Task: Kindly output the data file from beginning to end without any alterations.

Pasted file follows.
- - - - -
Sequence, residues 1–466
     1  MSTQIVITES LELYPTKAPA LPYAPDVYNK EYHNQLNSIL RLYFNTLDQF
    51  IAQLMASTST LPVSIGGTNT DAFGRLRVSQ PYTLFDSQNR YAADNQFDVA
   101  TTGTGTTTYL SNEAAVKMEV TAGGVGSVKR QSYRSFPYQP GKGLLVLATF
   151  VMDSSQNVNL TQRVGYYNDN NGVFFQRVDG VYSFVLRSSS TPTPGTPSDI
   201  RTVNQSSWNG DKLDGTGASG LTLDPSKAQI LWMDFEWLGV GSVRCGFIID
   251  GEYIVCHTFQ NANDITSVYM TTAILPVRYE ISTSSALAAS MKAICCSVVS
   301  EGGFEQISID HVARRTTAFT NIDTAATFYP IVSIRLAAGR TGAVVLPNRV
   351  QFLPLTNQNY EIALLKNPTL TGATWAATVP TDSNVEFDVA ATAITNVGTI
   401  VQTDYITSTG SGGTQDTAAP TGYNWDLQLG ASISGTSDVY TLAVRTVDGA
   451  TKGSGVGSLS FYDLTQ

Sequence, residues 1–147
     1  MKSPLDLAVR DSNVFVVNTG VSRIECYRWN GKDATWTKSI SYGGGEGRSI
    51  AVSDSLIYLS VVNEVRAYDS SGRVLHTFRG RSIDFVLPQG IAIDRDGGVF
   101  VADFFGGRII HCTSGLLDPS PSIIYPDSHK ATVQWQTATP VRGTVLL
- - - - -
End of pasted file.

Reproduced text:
Sequence, residues 1–466
     1  MSTQIVITES LELYPTKAPA LPYAPDVYNK EYHNQLNSIL RLYFNTLDQF
    51  IAQLMASTST LPVSIGGTNT DAFGRLRVSQ PYTLFDSQNR YAADNQFDVA
   101  TTGTGTTTYL SNEAAVKMEV TAGGVGSVKR QSYRSFPYQP GKGLLVLATF
   151  VMDSSQNVNL TQRVGYYNDN NGVFFQRVDG VYSFVLRSSS TPTPGTPSDI
   201  RTVNQSSWNG DKLDGTGASG LTLDPSKAQI LWMDFEWLGV GSVRCGFIID
   251  GEYIVCHTFQ NANDITSVYM TTAILPVRYE ISTSSALAAS MKAICCSVVS
   301  EGGFEQISID HVARRTTAFT NIDTAATFYP IVSIRLAAGR TGAVVLPNRV
   351  QFLPLTNQNY EIALLKNPTL TGATWAATVP TDSNVEFDVA ATAITNVGTI
   401  VQTDYITSTG SGGTQDTAAP TGYNWDLQLG ASISGTSDVY TLAVRTVDGA
   451  TKGSGVGSLS FYDLTQ

Sequence, residues 1–147
     1  MKSPLDLAVR DSNVFVVNTG VSRIECYRWN GKDATWTKSI SYGGGEGRSI
    51  AVSDSLIYLS VVNEVRAYDS SGRVLHTFRG RSIDFVLPQG IAIDRDGGVF
   101  VADFFGGRII HCTSGLLDPS PSIIYPDSHK ATVQWQTATP VRGTVLL